Mercedes-AMG GT63 S


We liked it on an F1 circuit. How about in wintry Aberdeenshire?

You don’t need to rely on g-forces to remind you this is a £135k car

There are good reasons, if you can pull enough strings, to launch your new two-tonne, five-metre performance car on a grade-one FIA-spec racetrack. If it packs a 630bhp V8 and accelerates to 62mph in a McLaren F1-matching 3.2sec, it won’t feel too lost on the endless stretches between corners. Moreover, such a perfectly surfaced expanse is the greatest hiding place on earth for big cars that can’t properly handle themselves in the real world.

Mid-winter in Aberdeenshire could hardly be in greater contrast to the Circuit of the Americas, current home of the US Grand Prix and venue for the international press debut of AMG’s four-door take on the GT hot-rod coupé last year. Not that the car seems to know it. Such a plethora of technologies – four-wheel drive, four-wheel steering, adaptive air suspension and, on the more powerful S variant tested here, an electronically controlled differential with a particularly sharp Master mode – combine to deliver a blend of pace, composure and adjustability that can be breathtaking.

Rather than over-managing the driver’s inputs, these systems seem to anticipate and support them. As a result, even on smaller roads, you’ll struggle to over-drive this car and pierce its stability, and yet with the right approach, it’ll steer beautifully on such a torque-rich throttle. It’s largely electronics, but when it’s this finessed, who cares? AMG has also managed to infuse the car with the same low centre of gravity and distinctly rear-biased balance as the GT Coupé, thereby distancing the GT 4-Door Coupé from the similarly quick but £50,000-cheaper E63 S.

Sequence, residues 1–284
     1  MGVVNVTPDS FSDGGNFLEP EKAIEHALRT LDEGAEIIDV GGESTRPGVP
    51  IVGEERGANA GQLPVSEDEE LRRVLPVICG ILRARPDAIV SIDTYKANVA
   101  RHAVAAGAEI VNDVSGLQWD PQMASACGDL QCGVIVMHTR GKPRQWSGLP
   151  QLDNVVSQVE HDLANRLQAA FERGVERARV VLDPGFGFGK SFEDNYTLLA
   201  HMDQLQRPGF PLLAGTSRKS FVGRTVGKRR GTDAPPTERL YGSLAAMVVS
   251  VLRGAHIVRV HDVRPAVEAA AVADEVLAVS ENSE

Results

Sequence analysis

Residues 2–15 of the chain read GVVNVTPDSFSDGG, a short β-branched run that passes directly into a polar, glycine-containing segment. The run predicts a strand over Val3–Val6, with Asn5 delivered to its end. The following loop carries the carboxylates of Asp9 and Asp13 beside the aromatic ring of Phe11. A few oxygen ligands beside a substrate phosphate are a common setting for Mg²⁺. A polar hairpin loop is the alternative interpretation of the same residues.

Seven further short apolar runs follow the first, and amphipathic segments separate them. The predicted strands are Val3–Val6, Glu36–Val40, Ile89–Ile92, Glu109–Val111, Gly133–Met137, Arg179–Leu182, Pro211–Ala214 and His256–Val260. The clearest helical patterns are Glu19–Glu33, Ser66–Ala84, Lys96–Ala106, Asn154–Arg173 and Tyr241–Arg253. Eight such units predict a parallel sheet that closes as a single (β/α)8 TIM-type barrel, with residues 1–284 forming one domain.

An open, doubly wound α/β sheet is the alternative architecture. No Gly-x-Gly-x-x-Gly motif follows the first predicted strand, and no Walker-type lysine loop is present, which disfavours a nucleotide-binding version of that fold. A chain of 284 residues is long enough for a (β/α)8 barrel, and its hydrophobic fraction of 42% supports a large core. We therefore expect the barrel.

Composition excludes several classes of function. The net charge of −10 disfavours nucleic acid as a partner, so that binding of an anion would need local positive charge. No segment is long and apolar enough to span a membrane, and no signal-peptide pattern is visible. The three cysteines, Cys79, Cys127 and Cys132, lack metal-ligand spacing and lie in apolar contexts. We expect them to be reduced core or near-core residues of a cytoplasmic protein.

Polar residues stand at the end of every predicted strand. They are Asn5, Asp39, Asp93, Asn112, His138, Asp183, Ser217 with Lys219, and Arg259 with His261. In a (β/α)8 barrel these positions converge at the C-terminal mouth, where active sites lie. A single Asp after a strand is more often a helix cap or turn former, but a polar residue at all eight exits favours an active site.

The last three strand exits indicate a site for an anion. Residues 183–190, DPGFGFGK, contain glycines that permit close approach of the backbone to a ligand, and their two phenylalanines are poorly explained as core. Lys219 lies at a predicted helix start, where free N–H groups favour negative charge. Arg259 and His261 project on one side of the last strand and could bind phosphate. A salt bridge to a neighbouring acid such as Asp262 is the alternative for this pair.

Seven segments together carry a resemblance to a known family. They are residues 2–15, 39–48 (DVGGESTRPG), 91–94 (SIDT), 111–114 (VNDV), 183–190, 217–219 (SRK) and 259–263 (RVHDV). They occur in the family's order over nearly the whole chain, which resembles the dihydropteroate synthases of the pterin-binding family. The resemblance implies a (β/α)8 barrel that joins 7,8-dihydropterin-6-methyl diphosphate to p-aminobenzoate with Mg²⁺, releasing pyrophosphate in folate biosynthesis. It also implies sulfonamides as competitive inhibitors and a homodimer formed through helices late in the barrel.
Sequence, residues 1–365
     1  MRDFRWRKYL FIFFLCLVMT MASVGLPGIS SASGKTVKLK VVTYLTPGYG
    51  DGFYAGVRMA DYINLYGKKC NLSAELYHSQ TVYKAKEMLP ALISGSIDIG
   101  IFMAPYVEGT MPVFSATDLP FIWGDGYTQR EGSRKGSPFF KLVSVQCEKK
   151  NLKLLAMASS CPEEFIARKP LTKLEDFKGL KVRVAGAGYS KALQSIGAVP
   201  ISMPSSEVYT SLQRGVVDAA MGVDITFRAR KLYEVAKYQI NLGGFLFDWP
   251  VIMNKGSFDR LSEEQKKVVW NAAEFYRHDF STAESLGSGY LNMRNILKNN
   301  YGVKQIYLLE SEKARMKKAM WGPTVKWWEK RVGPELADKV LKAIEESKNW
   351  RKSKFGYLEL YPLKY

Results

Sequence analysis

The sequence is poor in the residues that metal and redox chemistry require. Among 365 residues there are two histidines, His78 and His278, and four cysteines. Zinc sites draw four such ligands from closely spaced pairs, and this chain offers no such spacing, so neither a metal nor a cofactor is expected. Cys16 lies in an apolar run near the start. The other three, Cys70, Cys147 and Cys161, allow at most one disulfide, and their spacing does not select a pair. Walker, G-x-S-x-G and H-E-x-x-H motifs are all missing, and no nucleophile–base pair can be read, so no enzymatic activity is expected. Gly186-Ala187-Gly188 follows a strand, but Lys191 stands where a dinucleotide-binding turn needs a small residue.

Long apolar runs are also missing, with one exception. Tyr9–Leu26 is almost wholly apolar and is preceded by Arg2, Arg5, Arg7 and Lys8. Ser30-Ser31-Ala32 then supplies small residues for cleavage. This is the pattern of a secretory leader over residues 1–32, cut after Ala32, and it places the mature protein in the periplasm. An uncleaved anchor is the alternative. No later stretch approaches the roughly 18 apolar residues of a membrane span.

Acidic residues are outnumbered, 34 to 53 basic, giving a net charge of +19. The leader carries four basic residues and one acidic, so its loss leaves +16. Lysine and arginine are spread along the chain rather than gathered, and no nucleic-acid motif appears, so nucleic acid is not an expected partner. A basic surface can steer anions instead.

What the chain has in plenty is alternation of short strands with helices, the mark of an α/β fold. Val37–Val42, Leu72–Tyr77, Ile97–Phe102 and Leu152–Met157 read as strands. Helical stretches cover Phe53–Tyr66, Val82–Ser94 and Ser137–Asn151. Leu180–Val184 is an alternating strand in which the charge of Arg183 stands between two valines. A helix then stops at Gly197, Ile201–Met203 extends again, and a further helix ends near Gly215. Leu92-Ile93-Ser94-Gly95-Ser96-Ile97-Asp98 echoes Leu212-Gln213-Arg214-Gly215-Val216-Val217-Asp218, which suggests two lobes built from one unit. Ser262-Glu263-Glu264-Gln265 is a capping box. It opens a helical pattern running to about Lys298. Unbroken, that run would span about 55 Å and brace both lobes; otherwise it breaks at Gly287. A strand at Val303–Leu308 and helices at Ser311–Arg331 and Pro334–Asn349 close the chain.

That said, using the same MRA chassis as the E-Class and CLS does the GT63 S no harm and the civility of its motorway manners is undermined only by a slight harshness over poorer surfaces. Certainly, this car justifies its initials with an ability to compress huge distances arguably better than any Mercedes other than an S-Class. Just don’t expect more than 20mpg at a cruise.   

A definitive verdict will come, but if you can forgive this car a deficit in ultimate handling precision to the Porsche Panamera, it probably does enough to be considered the new class benchmark. And not only for everyday appeal, but straight-up fun, too.



Chassis of extraordinary breadth meets an engine of extraordinary character. A hugely impressive AMG


Price £135,550
Engine V8, 3982cc, twin-turbo, petrol
Power 630bhp at 5550-6500rpm
Torque 664lb ft at 2500-4500rpm
Gearbox 9-spd dual-clutch automatic
Kerb weight 2045kg
0-62mph 3.2sec
Top speed 196mph
Economy 25.2mpg
CO2, tax band 256g/km, 37%
RIVALS BMW M5 Competition, Porsche Panamera Turbo S E-Hybrid